But a parent’s window of opportunity doesn’t stay open for long. “At some point, you gain enough independence that you begin to evaluate whether you actually believe the Bible,” Challies says. “For me, that moment came when, as a teenager, I was exposed to some people who didn’t believe the Bible and seemed to live happy lives without it. And I started to deal with the depravity in my own heart. When I recognized my sin, and realized that I didn’t want to stop sinning, I came to see that I am a sinner in need of Christ.”
As a parent, Challies has relished the chance to walk with his children through similar moments. “One by one, they’ve each bumped up against the same barrier: ‘Do I really believe this?’ and ‘Why can’t I stop sinning?’ That’s an opportunity for them to grapple with the reality of their sinfulness and the solution the gospel offers.”
Nurturing the church
Challies’s call to ministry came in 2011, whenthe leaders of his congregation, Grace Fellowship Church in Toronto, asked him to become an elder. Over the years, he has served the church in number of roles, including associate pastor and counselor.
Since 2002, when Challies and his family first began attending Grace Fellowship, the church has experienced a demographic shift that brings both challenges and excitement. The city of Toronto receives a steady influx of immigrants from all over the world; in 2013, 51 percent of its population had been born outside Canada. In recent years, Grace Fellowship has become a congregation that reflects the city.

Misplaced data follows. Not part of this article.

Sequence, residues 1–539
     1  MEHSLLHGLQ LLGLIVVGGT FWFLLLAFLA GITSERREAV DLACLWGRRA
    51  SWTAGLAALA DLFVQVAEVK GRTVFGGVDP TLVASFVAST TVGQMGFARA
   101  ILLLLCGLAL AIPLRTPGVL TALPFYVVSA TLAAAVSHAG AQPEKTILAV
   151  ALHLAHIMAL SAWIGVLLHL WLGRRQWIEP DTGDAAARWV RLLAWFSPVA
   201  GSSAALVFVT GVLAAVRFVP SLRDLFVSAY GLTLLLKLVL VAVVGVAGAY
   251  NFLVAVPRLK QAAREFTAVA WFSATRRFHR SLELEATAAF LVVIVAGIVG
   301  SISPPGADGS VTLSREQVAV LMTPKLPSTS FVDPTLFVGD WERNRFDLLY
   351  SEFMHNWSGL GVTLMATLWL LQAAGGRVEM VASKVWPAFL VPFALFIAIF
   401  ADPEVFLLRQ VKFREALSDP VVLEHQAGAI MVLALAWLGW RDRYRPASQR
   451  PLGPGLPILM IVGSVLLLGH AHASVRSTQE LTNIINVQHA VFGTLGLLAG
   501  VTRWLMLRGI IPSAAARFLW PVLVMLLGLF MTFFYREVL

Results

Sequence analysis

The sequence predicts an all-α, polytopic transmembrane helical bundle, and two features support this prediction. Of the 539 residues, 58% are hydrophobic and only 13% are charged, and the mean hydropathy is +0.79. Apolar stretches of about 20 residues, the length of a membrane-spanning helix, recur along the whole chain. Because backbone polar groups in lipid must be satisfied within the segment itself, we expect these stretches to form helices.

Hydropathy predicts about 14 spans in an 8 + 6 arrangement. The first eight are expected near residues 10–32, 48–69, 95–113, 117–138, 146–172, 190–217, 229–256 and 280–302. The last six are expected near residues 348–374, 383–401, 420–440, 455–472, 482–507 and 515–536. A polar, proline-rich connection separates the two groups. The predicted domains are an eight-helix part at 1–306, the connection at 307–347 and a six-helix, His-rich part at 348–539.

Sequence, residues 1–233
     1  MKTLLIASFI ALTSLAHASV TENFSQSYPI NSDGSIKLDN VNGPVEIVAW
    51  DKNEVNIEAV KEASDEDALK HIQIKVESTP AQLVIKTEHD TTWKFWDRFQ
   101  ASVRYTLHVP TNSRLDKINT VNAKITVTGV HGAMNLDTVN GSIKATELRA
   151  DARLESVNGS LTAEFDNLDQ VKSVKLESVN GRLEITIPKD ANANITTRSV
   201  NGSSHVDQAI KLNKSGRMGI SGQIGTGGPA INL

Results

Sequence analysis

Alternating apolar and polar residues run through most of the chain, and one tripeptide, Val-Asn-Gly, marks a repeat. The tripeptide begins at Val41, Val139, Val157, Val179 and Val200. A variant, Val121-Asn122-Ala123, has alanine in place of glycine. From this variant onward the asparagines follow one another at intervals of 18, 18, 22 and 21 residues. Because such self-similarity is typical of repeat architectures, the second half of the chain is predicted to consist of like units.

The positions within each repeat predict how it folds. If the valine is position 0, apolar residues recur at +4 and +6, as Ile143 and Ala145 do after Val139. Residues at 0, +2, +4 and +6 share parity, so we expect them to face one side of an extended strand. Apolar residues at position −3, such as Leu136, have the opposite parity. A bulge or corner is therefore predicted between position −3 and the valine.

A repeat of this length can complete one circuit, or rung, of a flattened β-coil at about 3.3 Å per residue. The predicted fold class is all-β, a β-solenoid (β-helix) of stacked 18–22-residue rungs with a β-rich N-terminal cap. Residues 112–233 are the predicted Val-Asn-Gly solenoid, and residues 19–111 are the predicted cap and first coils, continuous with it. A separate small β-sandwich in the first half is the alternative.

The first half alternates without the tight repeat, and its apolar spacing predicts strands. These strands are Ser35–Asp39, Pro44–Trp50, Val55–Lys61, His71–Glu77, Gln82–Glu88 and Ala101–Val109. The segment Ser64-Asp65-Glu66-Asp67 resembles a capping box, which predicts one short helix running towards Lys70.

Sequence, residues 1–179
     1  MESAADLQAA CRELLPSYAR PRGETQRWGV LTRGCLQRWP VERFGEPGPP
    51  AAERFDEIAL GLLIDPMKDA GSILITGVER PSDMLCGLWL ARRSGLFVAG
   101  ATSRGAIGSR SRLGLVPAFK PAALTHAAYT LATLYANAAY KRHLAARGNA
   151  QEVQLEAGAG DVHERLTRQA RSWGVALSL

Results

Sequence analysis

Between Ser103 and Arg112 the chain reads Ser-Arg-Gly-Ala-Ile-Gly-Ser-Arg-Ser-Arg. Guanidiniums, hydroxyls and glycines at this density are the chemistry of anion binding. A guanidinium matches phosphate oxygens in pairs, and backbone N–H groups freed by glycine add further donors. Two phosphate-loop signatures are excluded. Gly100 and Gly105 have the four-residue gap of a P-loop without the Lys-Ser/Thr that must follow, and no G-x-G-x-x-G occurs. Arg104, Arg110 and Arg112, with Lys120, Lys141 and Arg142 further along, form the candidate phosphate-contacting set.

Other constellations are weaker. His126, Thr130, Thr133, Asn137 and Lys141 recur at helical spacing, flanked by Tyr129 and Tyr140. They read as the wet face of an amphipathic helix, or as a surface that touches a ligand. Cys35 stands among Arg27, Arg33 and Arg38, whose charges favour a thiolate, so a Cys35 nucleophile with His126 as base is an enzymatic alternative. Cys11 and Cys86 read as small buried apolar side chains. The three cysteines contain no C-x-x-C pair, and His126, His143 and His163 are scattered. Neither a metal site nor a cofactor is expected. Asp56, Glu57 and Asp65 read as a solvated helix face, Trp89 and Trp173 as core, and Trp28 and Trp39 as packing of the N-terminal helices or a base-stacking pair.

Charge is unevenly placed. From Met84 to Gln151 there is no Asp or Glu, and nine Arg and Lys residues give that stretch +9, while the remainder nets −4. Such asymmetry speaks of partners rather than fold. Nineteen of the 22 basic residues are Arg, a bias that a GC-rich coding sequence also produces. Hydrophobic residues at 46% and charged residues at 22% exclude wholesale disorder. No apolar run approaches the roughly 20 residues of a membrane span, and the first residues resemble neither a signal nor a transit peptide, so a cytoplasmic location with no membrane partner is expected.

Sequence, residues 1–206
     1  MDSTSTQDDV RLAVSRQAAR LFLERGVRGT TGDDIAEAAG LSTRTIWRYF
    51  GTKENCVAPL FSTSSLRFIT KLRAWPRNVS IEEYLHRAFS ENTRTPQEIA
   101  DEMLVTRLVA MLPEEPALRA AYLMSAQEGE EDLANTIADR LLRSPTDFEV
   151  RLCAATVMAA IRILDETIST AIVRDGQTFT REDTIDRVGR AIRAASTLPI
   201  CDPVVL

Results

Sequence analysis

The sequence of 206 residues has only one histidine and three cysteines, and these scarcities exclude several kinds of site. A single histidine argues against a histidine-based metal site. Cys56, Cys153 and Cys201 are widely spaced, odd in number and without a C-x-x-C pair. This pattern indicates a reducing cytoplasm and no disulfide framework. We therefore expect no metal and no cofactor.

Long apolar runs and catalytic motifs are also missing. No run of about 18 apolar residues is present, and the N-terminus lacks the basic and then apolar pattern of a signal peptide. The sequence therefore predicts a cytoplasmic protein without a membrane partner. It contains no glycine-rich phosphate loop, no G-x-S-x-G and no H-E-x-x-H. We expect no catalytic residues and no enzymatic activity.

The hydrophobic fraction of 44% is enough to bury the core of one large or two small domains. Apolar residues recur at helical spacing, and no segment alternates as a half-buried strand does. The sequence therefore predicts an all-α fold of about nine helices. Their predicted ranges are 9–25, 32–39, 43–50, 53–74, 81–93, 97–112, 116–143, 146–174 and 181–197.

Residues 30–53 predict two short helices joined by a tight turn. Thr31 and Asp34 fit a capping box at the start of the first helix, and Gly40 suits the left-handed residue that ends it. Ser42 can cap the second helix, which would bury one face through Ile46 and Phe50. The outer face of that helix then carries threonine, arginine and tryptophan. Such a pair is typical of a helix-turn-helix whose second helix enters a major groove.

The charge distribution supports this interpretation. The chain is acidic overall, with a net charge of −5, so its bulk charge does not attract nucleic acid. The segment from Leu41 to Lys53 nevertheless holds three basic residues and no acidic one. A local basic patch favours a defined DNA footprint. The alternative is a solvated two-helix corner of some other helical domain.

Challies attributes the church’s growing diversity primarily to its priority to faithfully preach the gospel, even if that means letting go of cultural norms and doing things differently to accommodate new people.
“In a city full of so many different ethnicities, we don’t want our churches divided along those lines,” he says. “It’s understandable for first-generation immigrants to seek familiarity in their church community, especially if language is an issue. But we hope that the second generation and beyond will join with existing congregations, so our churches can begin to reflect the beautiful diversity of our city.”
Pointing people to the gospel
This strategy of “majoring on the gospel” applies to more than ethnic backgrounds and cultural practices. Both at church and at home, it can be difficult to draw the line between primary and secondary issues. Proponents of a certain way of doing things often become entrenched in that tradition, elevating it to a higher place of importance. Scripture calls us to keep our focus on the gospel.
Challies recalls blogging about his family’s decision to have the children attend public school rather than being homeschooled. “I got a lot of pushback from the wider Christian community, and that drove me deeper into the Bible to examine my calling as a parent. Is it possible to be faithful to Scripture’s instruction to train my children up in the way they should go (Deut 6:7), while outsourcing a part of their education?” For the Challies family, the answer was “yes.” But the process of wrestling with the question—pursuing a way forward through Bible study and prayer—was invaluable.
That challenging experience illustrates the path of Christian discipleship and the role of the shepherd, whether at home or at church. “Mark Dever puts it this way: ‘What you win them with is likely what you’ll win them to,’ ” Challies says. “At times people have questioned parts of our cultural identity as a church. They ask questions like, ‘Are we going to be a homeschooling church or a public-school church?’—and the answer is always ‘Neither. We’re going to be a gospel church.’"